UK provides funds for regulatory reforms in RI

By : Norman Harsono



The United Kingdom has agreed to provide financial assistance to support Indonesia’s regulatory reform programs.

The Office of the Coordinating Economic Minister has inked a memorandum of understanding (MoU) on financial assistance with the British Embassy in Jakarta.

Ministerial secretary Susiwijono Moegiarso told reporters that the UK government – specifically the Foreign Office – had earmarked 1.14 million pounds (US$1.45 million) for the five-year cooperation, expected to end in March 2023.

Most of the funds, sourced from the UK’s development assistance funds, will be used to bring in British governance experts who will share knowledge with Indonesian government officials. This may be done through seminars, workshops and conferences, among other training formats.

Dennis Ager, a regulation specialist with the UK’s Business, Energy and Industrial Strategy Ministry, is one of the experts flown in to Indonesia. He led a workshop in Jakarta on Tuesday on engaging businesses and effectively implementing regulations.

“That includes designing policies well [and] working with officials and businesses to implement them. And evaluating their impact to see whether [they work] will,” he told The Jakarta Post.

“In our ministry, we have forums where we bring businesses together to seek their views. What are their priorities? What do they think will help them continue to grow and thrive?”

The MoU is an expression of Coordinating Economic Minister Darmin nasution’s commitment to regulatory reform, which entails changing regulations are made and changing how regulations are implemented.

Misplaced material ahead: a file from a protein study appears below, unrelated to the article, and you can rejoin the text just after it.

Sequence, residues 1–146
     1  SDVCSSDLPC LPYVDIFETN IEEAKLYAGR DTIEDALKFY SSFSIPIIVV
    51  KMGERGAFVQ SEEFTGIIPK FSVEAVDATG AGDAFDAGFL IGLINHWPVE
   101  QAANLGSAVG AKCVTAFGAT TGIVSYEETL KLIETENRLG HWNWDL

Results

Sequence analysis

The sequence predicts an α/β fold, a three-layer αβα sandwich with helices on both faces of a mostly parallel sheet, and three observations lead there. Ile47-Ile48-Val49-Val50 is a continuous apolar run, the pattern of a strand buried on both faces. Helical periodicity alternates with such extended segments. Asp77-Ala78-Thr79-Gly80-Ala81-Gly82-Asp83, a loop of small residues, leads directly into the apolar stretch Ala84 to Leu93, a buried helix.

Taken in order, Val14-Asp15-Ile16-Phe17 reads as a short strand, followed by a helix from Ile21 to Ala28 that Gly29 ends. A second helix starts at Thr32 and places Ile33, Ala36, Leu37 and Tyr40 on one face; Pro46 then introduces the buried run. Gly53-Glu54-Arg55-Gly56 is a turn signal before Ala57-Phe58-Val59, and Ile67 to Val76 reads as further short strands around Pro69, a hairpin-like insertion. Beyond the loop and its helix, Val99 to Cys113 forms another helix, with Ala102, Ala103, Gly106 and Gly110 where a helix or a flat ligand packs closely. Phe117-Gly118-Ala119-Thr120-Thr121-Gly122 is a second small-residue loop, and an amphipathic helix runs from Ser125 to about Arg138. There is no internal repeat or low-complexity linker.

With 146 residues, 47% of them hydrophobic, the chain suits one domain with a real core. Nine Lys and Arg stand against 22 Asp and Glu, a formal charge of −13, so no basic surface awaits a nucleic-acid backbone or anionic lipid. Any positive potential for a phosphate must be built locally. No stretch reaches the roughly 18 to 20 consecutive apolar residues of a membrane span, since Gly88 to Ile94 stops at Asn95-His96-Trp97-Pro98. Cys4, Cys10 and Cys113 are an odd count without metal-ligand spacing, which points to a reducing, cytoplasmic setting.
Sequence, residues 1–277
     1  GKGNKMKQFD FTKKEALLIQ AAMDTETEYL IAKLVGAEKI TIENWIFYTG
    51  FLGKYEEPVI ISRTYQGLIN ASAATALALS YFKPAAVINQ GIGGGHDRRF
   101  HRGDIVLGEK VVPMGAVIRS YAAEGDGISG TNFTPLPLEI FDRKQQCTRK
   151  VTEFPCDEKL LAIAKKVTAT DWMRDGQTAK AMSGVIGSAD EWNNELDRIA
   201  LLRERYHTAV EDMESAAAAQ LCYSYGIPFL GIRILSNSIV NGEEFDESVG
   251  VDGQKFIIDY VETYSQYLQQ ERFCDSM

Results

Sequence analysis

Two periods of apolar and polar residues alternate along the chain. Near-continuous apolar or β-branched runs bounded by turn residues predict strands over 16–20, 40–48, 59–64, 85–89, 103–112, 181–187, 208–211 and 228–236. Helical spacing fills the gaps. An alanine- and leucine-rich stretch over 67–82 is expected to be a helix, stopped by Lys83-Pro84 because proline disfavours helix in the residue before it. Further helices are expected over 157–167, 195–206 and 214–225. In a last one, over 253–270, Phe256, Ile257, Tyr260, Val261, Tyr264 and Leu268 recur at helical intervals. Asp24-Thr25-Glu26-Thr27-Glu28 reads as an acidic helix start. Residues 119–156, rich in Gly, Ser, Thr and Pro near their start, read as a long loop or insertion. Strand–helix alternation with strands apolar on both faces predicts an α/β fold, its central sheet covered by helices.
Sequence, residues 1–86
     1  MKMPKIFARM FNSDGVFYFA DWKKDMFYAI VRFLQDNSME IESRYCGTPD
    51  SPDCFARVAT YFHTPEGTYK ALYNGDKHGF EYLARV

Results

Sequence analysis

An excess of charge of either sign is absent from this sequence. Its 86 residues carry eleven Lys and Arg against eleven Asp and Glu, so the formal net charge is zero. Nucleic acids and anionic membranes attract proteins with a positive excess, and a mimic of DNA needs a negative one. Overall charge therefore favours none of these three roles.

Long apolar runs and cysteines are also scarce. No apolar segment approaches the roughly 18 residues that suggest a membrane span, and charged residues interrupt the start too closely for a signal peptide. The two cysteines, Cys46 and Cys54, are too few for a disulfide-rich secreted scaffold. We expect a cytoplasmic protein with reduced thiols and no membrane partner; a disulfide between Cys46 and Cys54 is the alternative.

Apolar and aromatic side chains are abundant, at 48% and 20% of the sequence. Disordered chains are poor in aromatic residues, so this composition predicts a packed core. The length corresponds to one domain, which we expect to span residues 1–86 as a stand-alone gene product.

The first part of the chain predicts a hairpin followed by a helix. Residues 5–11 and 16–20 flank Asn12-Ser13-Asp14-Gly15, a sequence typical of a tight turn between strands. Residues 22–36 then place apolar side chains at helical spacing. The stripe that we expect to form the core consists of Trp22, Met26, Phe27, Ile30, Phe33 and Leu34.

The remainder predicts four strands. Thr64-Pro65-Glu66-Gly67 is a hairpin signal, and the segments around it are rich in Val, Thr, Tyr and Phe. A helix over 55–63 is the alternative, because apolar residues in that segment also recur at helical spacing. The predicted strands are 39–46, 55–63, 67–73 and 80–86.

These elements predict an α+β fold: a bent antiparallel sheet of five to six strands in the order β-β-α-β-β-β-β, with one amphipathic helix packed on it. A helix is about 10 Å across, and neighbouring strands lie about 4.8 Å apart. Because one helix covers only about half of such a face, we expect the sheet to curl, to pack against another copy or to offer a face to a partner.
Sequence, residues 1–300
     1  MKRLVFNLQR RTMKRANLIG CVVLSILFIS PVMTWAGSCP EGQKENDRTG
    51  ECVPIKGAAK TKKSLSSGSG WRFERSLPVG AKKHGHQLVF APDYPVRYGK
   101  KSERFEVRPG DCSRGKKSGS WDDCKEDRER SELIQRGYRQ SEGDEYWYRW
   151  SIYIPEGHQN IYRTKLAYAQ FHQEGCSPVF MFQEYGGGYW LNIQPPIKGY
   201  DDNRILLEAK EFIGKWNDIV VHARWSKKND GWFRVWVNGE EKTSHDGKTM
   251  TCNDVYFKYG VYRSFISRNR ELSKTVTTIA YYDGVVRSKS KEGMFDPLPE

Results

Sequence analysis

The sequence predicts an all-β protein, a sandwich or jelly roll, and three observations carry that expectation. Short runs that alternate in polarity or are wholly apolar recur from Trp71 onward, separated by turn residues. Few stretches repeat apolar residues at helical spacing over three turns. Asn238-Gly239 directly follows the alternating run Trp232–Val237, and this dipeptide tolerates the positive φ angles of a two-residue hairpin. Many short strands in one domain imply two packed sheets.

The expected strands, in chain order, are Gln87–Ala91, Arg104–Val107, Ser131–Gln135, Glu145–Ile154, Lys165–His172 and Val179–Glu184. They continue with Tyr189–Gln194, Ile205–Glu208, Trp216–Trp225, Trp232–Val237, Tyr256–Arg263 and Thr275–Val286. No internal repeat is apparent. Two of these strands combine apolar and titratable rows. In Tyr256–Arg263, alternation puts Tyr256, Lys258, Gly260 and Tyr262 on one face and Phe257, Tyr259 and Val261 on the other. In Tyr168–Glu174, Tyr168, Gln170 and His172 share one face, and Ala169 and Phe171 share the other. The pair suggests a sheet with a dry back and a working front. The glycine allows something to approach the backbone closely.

The minister announced the commitment in June after Indonesia rose by 11 ranks on the 20189 International Institute for Management Development’s (IMD) World Competitiveness Ranking. Out of 63 economies, Indonesia ranked 32nd in this year’s IMD index, up from 43rd in the last year’s. But the minister still deems reform necessary, as the country’s performance was poorer that of Southeast Asian neighbors Thailand (25th place) and Malaysia (22nd).

Uk Ambassador to Indonesia Moazzam Malik said his government and Indonesia had so far agreed upon sharing knowledge in three “packages” : developing consumer protection laws, implementing regulatory reform and engaging businesses in reform.

“Regulations need to be implemented such that markets can function effectively and, thus, grow the economy and create jobs. Good regulations establish a government that can stimulate startups, increase investment and protect consumers,” he said in a statement.

The UK expects its support for Indonesia to return the world’s 16th largest economy into an outward-looking market, which openly trades goods and accepts foreign investment, particularly from the UK.

Trade between the UK and Indonesia was valued at $2.68 billion in 2018, while British investment to Indonesia amounted to #271 million. The latter figure makes the UK Indonesia’s 14th largest investor.

Ambassador Malik added that the UK had the credentials to train Indonesian officials on regulatory reform, as the country ranked “top overall” out of 38 countries surveyed for the 2019 International Civil Service Effectiveness (InCiSE) index.

The INCise index ranks the UK first in regulation quality and among the top five in human resource management, financial management, tax administration, policy-making, openness and procurement. It is among the top ten in staff capabilities, but 14th and 27th in inclusiveness and digital service, respectively.

The UK’s shortcoming in inclusivity and digitalization may pose limitations for what can be learned from the country, as Indonesia’s government strives for economic equalization between its regions and for growth of the digital economy.

Nevertheless, Susiwijono said that, looking forward, the Office of the Coordinating Economic Minister wanted to collaborate with the UK on improving Indonesia’s investment climate and its Online Single Submission (OSS) business licensing system.